As seen from equations (2) and (4), the delay time due to load capacitance CL when output terminal 36 is charged and discharged, is reduced by 1/β compared to that of the prior CMOS inverter.

FIG. 3 is a graph showing the relation between the load capacitance and the delay time for both the ordinary CMOS converter and the Bi/MOS inverter. Characteristic curve A represents the characteristic of the Bi/MOS inverter. Characteristic curve B represents the characteristic of the ordinary CMOS inverter. As seen from the graph, if load capacitance CL is about 0.5 pF or more, the Bi/MOS inverter has a shorter delay time than the ordinary CMOS inverter.

The term βĚCCB of the equation (1) and the term β(CCB +CPD) of the equation (3) each represent the leak current component due to the Miller effect of the bipolar transistor. In the FIG. 1 logic circuit, the leak current component is consumed as through-current during the switching. For example, when output terminal 36 is high, if transistor 35 is turned on, and output terminal 36 is discharged to the low level, there is no discharge path for the electrons previously charged in stray capacitances CBE and CPD. For this reason, after the discharge of output terminal 36 to the low level is started, the emitter potential of transistor 36 decreases. Base current flows in transistor 34, after the voltage between the base and emitter reaches a value large enough to cause transistor 34 to turn on. Current β-times as large as the base current flows in transistor 34 as collector current. Accordingly, when output signal Vout decreases from high to low, transistors 34 and 35 are both turned on, and through-current flows between power source terminal VDD and ground. Similarly when output signal Vout changes from low to high, transistors 34 and 35 are both turned on. With this, through-current flows between the power source terminal VDD and ground.

As described above, although the FIG. 1 inverter can realize the reduction of the delay time, it presents the new problem that through-current flows during the switching of transistors 34 and 35, thus increasing the current consumption. Therefore, the FIG. 1 circuit has a problem from the standpoint of practical use.

To cope with this, there have been proposed various types of improved logic circuits. FIGS. 4 through 9 show circuit diagrams of these conventional improved Bi/MOS inverters. The improvement of these inverters lies in that bypass current paths are provided for the bases of transistors 34 and 35 to prevent current leakage in bipolar transistors 34 and 35, so that the electrons charged in stray capacitances CBE and CPD can be discharged. In the FIG. 4 circuit, these bypass current paths are realized by resistors 37 and 38. In the FIG. 5 circuit, the paths are realized by two channel MOS transistors whose gates are connected commonly to power source terminal VDD. In the FIG. 6 circuit, the gate of transistor 39 in FIG. 9 is connected to input terminal 31, and the gate of transistor 40 is connected to output terminal 36, so that both transistors 39 and 40 may perform the switching only when necessary. In the FIG. 7 circuit, the gate of transistor 40 in FIG. 6 is connected to the base of transistor 34, so that transistor 40 is switched at the potential of the base node of transistor 34. In the FIG. 8 circuit, the bypass current path provided by transistor 39 is coupled with the base of transistor 35. In the FIG. 9 circuit, in addition to N channel MOS transistors 39 and 40 of the FIG. 8 circuit, N channel MOS transistor 41 is provided, whose gates, drain and source are respectively connected to input terminal 31, power source terminal VDD, and the base of transistor 35. In this circuit, since the base current for transistor 35 is also supplied from power source terminal VDD, the discharging speed of output terminal 36, when transistor 34 is turned on, can be increased.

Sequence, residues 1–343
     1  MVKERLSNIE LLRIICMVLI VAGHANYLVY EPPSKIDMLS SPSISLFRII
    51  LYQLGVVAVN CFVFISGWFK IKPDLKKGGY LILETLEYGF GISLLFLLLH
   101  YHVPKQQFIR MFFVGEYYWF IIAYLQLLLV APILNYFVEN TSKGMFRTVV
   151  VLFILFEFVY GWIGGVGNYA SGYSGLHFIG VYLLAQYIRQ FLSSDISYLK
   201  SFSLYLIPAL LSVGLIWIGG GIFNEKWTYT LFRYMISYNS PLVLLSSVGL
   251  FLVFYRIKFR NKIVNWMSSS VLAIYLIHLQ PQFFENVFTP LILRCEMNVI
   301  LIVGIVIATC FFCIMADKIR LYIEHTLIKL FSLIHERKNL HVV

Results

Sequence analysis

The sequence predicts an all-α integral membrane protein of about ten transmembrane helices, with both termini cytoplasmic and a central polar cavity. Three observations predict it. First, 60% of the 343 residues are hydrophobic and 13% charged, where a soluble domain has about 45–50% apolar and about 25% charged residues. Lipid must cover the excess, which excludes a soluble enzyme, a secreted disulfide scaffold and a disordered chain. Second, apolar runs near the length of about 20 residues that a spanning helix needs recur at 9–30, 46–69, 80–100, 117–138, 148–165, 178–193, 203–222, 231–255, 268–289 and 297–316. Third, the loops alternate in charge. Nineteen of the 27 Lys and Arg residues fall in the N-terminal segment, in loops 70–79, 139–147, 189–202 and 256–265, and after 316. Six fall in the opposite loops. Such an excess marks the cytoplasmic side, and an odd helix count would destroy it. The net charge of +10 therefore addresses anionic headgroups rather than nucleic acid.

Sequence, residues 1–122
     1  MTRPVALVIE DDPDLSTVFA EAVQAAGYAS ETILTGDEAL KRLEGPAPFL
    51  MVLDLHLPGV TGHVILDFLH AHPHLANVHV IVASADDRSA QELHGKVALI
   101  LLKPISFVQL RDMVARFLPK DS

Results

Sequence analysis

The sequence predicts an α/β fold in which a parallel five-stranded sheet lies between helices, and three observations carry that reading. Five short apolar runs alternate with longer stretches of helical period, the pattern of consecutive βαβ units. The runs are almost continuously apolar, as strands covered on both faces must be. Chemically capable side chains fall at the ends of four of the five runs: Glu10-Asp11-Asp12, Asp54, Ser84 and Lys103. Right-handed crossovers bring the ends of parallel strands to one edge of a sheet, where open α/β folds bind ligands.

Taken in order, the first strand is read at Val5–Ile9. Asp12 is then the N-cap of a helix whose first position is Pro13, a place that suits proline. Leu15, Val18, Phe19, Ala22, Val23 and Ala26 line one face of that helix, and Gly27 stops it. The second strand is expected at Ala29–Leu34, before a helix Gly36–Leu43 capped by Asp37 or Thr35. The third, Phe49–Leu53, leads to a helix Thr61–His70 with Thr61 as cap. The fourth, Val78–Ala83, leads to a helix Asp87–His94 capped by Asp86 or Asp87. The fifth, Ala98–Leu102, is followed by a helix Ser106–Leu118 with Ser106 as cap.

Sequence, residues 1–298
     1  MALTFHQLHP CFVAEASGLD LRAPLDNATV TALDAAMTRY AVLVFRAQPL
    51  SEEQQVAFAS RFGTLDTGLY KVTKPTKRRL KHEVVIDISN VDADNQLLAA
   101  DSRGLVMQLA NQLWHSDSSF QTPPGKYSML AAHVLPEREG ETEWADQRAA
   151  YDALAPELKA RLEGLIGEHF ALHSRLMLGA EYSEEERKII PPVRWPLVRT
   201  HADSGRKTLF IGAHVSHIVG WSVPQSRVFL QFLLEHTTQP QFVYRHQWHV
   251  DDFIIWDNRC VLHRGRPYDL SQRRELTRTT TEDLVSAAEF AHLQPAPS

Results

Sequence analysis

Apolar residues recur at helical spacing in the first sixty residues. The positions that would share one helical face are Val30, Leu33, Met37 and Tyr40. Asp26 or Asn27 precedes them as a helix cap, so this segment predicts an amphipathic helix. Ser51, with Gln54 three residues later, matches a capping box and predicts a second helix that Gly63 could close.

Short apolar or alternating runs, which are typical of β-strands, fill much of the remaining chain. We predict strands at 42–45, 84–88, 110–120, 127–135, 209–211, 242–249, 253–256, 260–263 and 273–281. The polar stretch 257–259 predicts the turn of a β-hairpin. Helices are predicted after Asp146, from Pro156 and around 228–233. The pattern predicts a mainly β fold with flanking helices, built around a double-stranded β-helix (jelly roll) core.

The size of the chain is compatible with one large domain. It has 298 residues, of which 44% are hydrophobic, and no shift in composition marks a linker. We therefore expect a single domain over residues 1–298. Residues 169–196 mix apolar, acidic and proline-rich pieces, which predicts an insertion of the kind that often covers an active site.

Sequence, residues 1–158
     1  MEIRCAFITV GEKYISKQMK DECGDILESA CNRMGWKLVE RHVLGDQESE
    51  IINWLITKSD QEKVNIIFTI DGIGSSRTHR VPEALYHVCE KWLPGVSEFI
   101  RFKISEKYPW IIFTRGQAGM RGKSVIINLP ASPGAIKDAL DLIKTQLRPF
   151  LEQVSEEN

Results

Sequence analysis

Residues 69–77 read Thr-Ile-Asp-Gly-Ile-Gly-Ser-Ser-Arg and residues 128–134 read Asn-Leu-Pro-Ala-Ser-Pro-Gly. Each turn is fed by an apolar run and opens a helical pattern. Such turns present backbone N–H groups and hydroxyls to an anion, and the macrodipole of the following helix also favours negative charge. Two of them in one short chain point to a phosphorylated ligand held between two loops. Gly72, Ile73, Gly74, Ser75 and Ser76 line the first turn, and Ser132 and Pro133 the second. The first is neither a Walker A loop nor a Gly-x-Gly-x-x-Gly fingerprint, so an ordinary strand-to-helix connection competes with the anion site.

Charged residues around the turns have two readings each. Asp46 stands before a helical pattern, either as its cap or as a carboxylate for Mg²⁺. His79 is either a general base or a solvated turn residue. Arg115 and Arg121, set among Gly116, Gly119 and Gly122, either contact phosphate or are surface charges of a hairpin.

However, in each of the FIGS. 4 to 8 circuits, the base and collector of transistor 35 are interconnected via the on-state N channel MOS transistor 33, when output signal Vout is discharged from high to low. For this reason, the base current for transistor 35 decreases when output terminal 36 is discharged and the signal Vout becomes close to the low level. This restricts the discharge of output terminal 36, to deform the waveshape of signal Vout when it falls. In the case of the FIG. 9 circuit, it is free from any waveform deformation problems, because the base current for transistor 35 can be supplied also from power source terminal VDD. However, transistor 35 is operated in the saturation region, since the current is continuously supplied via transistor 41 even after output voltage Vout is charged to the low level. Therefore, the reverse emitter current flows to output terminal 36 via a base-collector path, increasing the potential of output voltage Vout to above the ground potential. Therefore, the FIG. 9 circuit also has a problem when it is practically used.